In the Capoeira Connection Podcast EP 6, we sit down to talk with Contra Mestre Marrio of Capoeira Kalunga N’Golo based out of Houston, TX; as well as long fellow Angoleiro, Jaime Torres.
A Brief History:
Kalunga N’Golo is a non-profit 501(c)(3) cultural group available to share Capoeira Angola in classes with children and adults, or in community events.
The group has been active for close to a decade, participating in programs with the Houston Area Women’s Center, the Houston International Festival, and actively teaching under the 21st Century After School Enrichment Programs throughout HISD.
Among the Mucupe in southern Angola, there is a tradition of boys performing a zebra dance, the N’Golo, during the efundula, the celebration of girls becoming ready for marriage and childbearing. The boy who wins the N’Golo is allowed to choose a wife from amongst the new initiates, without having to pay a dowry. The N’Golo is the root of Capoeira. The enslaved Africans from that region that went to Brazil through the port Benguela, took with them the tradition of fighting with their feet. Over time, that which was principally a tribal tradition was transformed into a weapon of attack and defense disguised as a dance. It helped slaves to escape and establish free communities called Quilombos, including Palmares, an African Kingdom in the Western Hemisphere that survived for over a hundred years.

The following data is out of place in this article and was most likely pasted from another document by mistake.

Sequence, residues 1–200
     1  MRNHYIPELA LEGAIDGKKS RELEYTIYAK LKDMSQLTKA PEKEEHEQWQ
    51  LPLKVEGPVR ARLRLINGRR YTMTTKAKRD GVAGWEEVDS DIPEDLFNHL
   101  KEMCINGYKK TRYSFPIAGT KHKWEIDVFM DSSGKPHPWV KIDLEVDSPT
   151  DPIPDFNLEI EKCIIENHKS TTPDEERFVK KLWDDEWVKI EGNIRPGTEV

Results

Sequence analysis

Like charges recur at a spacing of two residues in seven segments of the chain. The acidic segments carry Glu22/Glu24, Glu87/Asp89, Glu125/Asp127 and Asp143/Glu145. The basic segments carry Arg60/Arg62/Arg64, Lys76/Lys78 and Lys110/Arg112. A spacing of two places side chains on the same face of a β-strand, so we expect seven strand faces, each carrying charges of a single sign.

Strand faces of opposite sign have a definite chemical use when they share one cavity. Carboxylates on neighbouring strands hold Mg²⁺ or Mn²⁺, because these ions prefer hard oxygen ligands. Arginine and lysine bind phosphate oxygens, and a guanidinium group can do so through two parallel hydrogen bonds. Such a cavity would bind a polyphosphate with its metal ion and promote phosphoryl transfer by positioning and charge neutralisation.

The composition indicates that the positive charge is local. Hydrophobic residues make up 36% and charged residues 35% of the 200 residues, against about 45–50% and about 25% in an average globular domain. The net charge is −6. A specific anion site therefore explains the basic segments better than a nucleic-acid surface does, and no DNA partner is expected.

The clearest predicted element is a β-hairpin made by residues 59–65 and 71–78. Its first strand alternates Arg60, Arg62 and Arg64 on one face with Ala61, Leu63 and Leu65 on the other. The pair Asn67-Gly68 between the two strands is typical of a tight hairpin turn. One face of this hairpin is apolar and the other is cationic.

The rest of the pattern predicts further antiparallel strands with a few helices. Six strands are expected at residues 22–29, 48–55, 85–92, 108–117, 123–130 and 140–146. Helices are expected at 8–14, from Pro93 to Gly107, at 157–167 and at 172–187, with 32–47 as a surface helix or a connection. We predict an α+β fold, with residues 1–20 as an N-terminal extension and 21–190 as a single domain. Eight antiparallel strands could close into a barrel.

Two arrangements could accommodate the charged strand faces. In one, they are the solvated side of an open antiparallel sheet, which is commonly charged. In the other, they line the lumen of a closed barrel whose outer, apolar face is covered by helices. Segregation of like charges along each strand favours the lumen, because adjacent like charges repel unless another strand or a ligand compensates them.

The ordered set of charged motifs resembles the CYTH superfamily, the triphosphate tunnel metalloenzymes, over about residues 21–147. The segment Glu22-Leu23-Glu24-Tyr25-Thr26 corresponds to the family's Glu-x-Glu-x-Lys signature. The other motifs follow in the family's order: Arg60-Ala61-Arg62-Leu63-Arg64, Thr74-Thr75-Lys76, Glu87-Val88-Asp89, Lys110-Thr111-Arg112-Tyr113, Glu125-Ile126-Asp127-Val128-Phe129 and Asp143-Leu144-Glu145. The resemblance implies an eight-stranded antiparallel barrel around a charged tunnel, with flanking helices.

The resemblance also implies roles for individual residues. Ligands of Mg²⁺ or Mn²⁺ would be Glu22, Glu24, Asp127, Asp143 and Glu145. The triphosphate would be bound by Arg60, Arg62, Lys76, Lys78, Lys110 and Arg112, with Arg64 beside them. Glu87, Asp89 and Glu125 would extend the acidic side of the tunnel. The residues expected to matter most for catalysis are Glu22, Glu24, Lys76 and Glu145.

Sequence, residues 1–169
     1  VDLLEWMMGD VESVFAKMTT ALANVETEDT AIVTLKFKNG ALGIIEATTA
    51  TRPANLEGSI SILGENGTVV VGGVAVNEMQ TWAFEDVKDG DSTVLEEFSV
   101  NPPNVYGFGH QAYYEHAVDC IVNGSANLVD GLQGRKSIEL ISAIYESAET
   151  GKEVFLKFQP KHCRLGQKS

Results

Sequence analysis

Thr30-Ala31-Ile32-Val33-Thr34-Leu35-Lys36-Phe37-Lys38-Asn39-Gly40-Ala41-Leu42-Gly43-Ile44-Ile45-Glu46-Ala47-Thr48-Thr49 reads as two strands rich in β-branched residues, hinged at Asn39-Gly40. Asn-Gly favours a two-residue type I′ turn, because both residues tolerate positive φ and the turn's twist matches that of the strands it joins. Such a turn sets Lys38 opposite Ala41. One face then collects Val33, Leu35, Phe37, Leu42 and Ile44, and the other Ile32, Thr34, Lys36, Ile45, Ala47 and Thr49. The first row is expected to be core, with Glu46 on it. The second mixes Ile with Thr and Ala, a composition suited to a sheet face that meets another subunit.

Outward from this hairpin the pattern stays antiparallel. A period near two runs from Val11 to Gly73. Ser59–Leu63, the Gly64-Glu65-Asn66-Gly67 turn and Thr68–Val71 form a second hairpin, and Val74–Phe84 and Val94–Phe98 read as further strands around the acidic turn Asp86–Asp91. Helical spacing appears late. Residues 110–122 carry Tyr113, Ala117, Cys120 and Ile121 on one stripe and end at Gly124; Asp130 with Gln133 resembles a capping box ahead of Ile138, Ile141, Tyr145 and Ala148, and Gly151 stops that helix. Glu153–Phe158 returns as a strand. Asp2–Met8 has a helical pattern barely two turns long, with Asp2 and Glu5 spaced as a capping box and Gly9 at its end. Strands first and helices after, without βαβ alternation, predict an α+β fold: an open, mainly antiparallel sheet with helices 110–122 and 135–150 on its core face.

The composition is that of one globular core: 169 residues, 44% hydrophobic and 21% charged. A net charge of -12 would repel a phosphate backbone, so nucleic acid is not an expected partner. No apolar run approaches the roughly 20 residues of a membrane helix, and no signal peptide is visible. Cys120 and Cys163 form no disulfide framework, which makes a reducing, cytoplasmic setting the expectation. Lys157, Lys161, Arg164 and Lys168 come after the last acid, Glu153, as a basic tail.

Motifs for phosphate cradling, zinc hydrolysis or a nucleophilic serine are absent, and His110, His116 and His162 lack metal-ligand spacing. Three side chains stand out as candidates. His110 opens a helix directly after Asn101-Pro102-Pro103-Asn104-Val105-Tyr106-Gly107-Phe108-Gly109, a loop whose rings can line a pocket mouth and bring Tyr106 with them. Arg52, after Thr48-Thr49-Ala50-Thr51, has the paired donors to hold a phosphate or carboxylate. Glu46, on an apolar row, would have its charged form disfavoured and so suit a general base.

Played in a circle (the “roda”) the game of Capoeira Angola is infinitely varied, with an unlimited combination of movements of the legs, arms torso and head: feet to the sky, a leg whipping around, a smile, a grin, a gleam in the eye. Humorous and serious, the fun and the struggle are joined in a continuum of movement and flourished pauses, often equated to chess, with its communication and interplay of bodies and movements.
Capoeira’s history is one of a people taking what they have and using it in new ways to obtain and express freedom. Students of Capoeira are likewise encouraged to take what they have in life and use it to help them to achieve what they want from life. It’s the movement and music of liberation.